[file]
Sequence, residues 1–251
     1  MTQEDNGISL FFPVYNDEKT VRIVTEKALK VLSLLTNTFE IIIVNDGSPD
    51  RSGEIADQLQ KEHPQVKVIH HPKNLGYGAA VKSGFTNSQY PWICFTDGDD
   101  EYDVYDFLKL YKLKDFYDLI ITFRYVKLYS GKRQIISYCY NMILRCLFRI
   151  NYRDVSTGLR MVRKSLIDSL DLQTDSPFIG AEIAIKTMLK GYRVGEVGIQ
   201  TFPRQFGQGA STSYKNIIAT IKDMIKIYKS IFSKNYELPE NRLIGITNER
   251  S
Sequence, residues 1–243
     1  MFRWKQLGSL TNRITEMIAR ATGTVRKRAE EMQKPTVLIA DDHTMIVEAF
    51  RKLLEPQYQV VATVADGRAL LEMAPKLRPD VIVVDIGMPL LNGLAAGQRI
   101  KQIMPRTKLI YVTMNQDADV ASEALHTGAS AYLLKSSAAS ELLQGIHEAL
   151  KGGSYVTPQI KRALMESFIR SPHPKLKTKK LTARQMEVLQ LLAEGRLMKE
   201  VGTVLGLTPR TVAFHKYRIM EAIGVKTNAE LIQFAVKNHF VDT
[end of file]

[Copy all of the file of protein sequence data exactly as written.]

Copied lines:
Sequence, residues 1–251
     1  MTQEDNGISL FFPVYNDEKT VRIVTEKALK VLSLLTNTFE IIIVNDGSPD
    51  RSGEIADQLQ KEHPQVKVIH HPKNLGYGAA VKSGFTNSQY PWICFTDGDD
   101  EYDVYDFLKL YKLKDFYDLI ITFRYVKLYS GKRQIISYCY NMILRCLFRI
   151  NYRDVSTGLR MVRKSLIDSL DLQTDSPFIG AEIAIKTMLK GYRVGEVGIQ
   201  TFPRQFGQGA STSYKNIIAT IKDMIKIYKS IFSKNYELPE NRLIGITNER
   251  S
Sequence, residues 1–243
     1  MFRWKQLGSL TNRITEMIAR ATGTVRKRAE EMQKPTVLIA DDHTMIVEAF
    51  RKLLEPQYQV VATVADGRAL LEMAPKLRPD VIVVDIGMPL LNGLAAGQRI
   101  KQIMPRTKLI YVTMNQDADV ASEALHTGAS AYLLKSSAAS ELLQGIHEAL
   151  KGGSYVTPQI KRALMESFIR SPHPKLKTKK LTARQMEVLQ LLAEGRLMKE
   201  VGTVLGLTPR TVAFHKYRIM EAIGVKTNAE LIQFAVKNHF VDT